The Whiskey Salvaged From This 170-Year-Old Shipwreck In Lake Michigan Could Be Worth Millions

Published February 21, 2023
Updated February 27, 2024

In 2020, a team of shipwreck divers explored the Westmoreland, a 19th-century ship that sunk in Lake Michigan in 1854 — and found whiskey and gold coins worth millions of dollars.

Westmoreland Shipwreck

Cal Kothrade/Pen NewsArtist rendition of the Westmoreland shipwreck in Platte Bay, Michigan.

In the winter of 1854, a passenger ship carrying 280 barrels of whiskey and a stash of gold sank in Lake Michigan. For decades, the ship — as well as its treasure — lay hidden on the bottom of the lake, nearly 200 feet deep. Now, a team of divers has located the wreck and plans to recover the ship’s cargo, which may be worth over $17 million dollars.

On that cold December day in 1854, the Westmoreland passenger ship carried 34 passengers through the Manitou Passage, an infamous area of Lake Michigan known for its rough waves and strong currents, and got caught in a storm.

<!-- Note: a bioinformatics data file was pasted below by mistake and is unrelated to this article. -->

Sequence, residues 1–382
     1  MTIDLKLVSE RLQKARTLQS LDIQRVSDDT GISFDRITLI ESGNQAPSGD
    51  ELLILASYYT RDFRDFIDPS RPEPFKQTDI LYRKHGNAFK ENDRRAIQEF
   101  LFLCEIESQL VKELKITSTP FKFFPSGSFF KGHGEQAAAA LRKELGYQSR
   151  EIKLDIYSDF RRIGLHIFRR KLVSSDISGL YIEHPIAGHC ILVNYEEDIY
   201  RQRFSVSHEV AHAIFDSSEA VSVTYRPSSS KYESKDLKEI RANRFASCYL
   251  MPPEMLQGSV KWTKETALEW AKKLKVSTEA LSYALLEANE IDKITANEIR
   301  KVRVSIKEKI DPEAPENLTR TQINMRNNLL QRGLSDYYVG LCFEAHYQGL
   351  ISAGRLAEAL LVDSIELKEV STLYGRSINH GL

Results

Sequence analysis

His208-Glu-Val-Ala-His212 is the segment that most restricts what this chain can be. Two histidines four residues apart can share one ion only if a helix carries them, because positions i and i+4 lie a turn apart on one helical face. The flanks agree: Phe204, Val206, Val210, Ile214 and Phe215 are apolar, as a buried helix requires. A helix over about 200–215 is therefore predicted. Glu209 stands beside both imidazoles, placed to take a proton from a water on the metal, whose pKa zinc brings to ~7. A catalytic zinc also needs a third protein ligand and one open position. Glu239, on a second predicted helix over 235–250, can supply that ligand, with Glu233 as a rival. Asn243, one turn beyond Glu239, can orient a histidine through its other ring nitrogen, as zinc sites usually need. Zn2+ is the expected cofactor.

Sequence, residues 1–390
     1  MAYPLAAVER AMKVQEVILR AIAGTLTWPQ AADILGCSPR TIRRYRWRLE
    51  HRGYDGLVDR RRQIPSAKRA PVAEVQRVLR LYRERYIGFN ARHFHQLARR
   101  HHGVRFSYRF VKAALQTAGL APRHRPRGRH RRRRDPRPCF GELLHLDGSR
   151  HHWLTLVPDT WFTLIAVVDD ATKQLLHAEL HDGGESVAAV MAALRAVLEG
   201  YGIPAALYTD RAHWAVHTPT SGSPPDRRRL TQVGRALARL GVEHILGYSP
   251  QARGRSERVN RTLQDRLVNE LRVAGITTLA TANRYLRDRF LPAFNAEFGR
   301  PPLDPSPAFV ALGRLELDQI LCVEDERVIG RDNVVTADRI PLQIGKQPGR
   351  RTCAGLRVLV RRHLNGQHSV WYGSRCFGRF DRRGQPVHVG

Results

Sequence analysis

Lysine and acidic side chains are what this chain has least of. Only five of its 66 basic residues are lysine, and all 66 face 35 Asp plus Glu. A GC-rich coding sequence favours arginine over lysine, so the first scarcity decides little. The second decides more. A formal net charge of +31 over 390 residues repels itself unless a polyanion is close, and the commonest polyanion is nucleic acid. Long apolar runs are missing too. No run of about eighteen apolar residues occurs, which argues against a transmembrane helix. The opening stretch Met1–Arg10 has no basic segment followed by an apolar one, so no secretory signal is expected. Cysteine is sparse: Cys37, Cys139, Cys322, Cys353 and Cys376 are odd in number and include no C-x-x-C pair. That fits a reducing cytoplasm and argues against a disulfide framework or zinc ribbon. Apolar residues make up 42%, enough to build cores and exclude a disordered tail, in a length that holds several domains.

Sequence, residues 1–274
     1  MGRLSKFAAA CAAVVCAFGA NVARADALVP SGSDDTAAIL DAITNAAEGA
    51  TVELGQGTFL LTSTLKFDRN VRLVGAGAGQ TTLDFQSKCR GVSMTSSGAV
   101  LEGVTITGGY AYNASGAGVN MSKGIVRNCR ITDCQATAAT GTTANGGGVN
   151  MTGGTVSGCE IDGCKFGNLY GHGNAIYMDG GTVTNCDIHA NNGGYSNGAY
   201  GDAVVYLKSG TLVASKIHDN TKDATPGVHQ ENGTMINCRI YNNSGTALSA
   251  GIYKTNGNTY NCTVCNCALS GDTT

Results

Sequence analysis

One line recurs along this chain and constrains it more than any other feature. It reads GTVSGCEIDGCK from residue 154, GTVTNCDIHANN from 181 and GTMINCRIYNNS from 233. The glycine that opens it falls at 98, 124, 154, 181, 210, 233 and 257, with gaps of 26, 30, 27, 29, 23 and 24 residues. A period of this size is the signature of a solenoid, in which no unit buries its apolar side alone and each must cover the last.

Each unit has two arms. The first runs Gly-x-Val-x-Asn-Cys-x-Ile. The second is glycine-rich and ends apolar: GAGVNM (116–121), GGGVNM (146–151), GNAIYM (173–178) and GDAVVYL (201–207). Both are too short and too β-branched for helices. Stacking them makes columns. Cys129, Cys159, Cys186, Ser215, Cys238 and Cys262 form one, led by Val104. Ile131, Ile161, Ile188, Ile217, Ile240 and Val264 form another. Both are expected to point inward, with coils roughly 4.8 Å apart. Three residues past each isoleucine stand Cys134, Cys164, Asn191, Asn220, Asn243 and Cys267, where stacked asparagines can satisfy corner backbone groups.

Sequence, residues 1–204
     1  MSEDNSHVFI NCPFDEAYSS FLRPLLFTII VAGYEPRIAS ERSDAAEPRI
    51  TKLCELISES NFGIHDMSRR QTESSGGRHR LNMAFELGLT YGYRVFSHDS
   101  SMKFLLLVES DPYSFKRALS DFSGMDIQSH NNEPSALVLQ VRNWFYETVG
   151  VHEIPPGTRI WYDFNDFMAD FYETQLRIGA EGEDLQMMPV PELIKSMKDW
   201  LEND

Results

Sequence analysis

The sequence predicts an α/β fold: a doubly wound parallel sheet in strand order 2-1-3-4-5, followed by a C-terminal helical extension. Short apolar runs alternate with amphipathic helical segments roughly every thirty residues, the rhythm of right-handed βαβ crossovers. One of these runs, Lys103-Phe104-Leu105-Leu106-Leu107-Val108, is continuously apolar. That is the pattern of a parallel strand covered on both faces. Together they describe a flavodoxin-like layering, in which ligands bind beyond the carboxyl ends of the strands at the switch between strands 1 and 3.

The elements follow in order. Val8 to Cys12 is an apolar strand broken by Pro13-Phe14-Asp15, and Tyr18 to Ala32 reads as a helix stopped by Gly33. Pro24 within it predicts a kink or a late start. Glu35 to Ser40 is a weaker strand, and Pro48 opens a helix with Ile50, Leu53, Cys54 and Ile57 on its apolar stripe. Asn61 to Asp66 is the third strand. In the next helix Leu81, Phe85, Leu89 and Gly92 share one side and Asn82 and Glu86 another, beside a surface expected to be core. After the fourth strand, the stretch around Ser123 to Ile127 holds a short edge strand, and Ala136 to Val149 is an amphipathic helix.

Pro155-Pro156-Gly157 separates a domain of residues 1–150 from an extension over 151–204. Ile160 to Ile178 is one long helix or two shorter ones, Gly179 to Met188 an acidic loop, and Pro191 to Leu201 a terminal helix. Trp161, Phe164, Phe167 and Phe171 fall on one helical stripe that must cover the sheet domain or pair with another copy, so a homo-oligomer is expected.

According to MyNorth.com, ice-cold waves measuring 10 to 20 feet slammed against the ship as it traversed through the passage, and soon the passengers of the Westmoreland were ankle-deep in frigid water. The Westmoreland lost its battle with the storm and sunk to the bottom of Platte Bay, taking an unlucky 17 passengers with her.

In the days following the wreck, newspapers published stories that spoke of the Westmoreland’s trove of gold coins and barrels of whiskey. The Westmoreland had reportedly been en route to a nearby Army fort, and it carried a stash of gold coins that would pay the soldiers’ wages.

These stories became urban legends that inspired many hopeful treasure hunters to look for the shipwreck over the years, but until 2010, no one had seen it for themselves.

More than a century after the ship sank, a local historian and recreational diver named Ross Richardson became obsessed with finding it. In July 2010, after several years of research using maps and historical accounts to estimate the ship’s final resting place, Richardson loaded into his boat equipped with sonar technology and traversed miles across Lake Michigan in search of the wreck.

Westmoreland Diver Ross Richardson

Lenawee District LibraryRoss Richardson, founder of the Westmoreland and author of The Search for the Westmoreland.